For example, it might be necessary to replace the hot water heater but not to renovate the kitchen or the bathroom. If you’re unsure which things you should spend your money on, focus on the most obvious maintenance issues that a home inspector will definitely point out.
Check Out the Market
Have any homes similar to yours in the area sold recently? That might give you a good idea of what you could get for your home. The online sites providing estimates can serve as a good baseline, but they don’t always know the specifics of your local area or any specific improvements you’ve made in your home. Take this into consideration before you talk to a real estate agent.
The agent will, of course, be more familiar with the current conditions of the market and how things are selling in your area. And once the agent sees your home, they will be able to give you a better idea of what it might sell for. Just remember to price it realistically. Even in a seller’s market, pricing your home too high could mean you’ll be waiting a while to sell.
Finally, Contact an Agent
Once you’ve done all of the above, you are ready to contact an agent. Unless you already know an agent who you’d like to work with, you’ll want to interview a few different agents. You’ll be working with the agent of choice for a bit, so you want to ensure you feel comfortable with whomever you choose.
Ask each agent for a comparative market analysis, as well as the details of their plan on how they will market your home. You also want to ensure that the agent will have time for you and your home.
Deciding To Buy a Home: What You Should Do First
Once you do decide you’re ready to buy a home, there are several things you can do before you contact a real estate agent. The first is to prepare your list of non-negotiables and really decide what you need from a home.
The real estate market moves quickly, so understanding the current market, interest rates, and more will be important closer to the time when you’re getting ready to purchase.
Make Your List of Must-Haves
Do you need two or three bedrooms? Are you open-minded to a townhome or do you prefer a single-family residence? We’d recommend that you sit down and think deeply about what you need from a home and make your list of things you can’t live without. This will make the house hunting process much easier, and you’ll be able to share this information with your real estate agent when the time is right!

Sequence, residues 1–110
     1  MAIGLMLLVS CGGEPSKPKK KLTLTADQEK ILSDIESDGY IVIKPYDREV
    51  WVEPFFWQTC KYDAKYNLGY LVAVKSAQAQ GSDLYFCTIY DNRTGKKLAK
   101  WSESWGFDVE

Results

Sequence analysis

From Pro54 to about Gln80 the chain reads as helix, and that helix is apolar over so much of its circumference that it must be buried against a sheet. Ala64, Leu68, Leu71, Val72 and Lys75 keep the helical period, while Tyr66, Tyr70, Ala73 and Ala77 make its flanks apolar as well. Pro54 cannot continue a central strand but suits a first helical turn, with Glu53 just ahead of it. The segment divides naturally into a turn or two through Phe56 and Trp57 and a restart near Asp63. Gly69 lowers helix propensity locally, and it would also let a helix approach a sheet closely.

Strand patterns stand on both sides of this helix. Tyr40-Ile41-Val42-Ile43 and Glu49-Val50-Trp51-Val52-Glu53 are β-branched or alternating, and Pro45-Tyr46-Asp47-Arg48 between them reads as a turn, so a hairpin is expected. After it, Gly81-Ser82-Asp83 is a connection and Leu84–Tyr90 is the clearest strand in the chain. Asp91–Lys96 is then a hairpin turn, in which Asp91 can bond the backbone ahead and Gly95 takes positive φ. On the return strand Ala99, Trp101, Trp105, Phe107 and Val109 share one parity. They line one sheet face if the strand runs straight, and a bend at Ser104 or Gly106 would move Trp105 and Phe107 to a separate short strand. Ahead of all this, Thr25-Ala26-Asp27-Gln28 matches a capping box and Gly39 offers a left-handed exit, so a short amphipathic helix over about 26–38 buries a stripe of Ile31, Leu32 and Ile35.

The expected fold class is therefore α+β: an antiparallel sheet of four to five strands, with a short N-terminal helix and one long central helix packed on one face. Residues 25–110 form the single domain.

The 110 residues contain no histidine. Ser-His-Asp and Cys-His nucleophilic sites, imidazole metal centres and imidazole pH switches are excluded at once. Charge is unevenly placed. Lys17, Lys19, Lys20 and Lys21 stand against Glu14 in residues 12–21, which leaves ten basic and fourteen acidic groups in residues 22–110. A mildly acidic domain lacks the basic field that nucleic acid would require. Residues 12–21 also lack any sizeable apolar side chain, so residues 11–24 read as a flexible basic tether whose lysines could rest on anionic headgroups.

Cushion Your Savings
Buying a home can bring several unexpected expenses your way, so the more that you can plan in advance the better. Of course, you’ll need to pay the down payment on the home, but there are also closing costs and taxes. Once you move in, you’ll likely need some furniture, and what if the HVAC system needs repair? Some experts recommend having six months of expenses set aside in your savings account, while others recommend having up to a year’s worth.
Securing a pre-approval from the bank is going to let your real estate agent and the sellers that currently own the home that you’re serious and ready to purchase. This will also give you a sense of your purchasing power and help you understand the budget that you’ll need to stay within.
Finally, Contact an Agent
Once you’ve done all of the above, you are ready to contact an agent! Unless you already know an agent who you’d like to work with, you’ll want to interview a few different agents. You’ll be working with the agent of choice for a bit, so you want to ensure you feel comfortable with whomever you choose.
Make sure to ask each agent about their local expertise, their track record in negotiating on behalf of buyers, and to take a look at their reviews.
Whether you’re a potential homebuyer, seller, or both, you probably want to know: will home prices fall this year? Let’s break down what’s happening with home prices, where experts say they’re headed, and why this matters for your homeownership goals.
Last Year’s Rapid Home Price Growth Wasn’t the Norm
In 2021, home prices appreciated quickly. One reason why is that record-low mortgage rates motivated more buyers to enter the market. As a result, there were more people looking to make a purchase than there were homes available for sale. That led to competitive bidding wars which drove prices up. CoreLogic helps explain how unusual last year’s appreciation was:
“Price appreciation averaged 15% for the full year of 2021, up from the 2020 full year average of 6%.”
In other words, the pace of appreciation in 2021 far surpassed the 6% the market saw in 2020. And even that appreciation was greater than the pre-pandemic norm which was typically around 3.8%. This goes to show, 2021 was an anomaly in the housing market spurred by more buyers than homes for sale.
Home Price Appreciation Moderates Today
This year, home price appreciation is slowing (or decelerating) from the feverish pace the market saw over the past two years. According to the latest forecasts, experts say on average, nationwide, prices will still appreciate by roughly 10% in 2022 (see graph below):
Why do all of these experts agree prices will continue to rise? It’s simple. Even though housing supply is growing today, it’s still low overall thanks to several factors, including a long period of underbuilding homes. And experts say that’s going to help keep upward pressure on home prices this year. Additionally, since mortgage rates are higher this year than they were last year, buyer demand has slowed.